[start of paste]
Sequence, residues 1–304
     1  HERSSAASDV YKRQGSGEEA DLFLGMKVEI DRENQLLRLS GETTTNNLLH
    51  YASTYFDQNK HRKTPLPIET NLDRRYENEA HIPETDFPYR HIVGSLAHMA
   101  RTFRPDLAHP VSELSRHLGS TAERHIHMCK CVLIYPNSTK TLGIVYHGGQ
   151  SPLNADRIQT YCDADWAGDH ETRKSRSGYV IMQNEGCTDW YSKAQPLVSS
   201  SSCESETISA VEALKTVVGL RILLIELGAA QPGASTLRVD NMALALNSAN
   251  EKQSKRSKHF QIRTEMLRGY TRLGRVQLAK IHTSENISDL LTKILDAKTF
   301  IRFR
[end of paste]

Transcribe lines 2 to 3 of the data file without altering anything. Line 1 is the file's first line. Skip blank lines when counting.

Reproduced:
     1  HERSSAASDV YKRQGSGEEA DLFLGMKVEI DRENQLLRLS GETTTNNLLH
    51  YASTYFDQNK HRKTPLPIET NLDRRYENEA HIPETDFPYR HIVGSLAHMA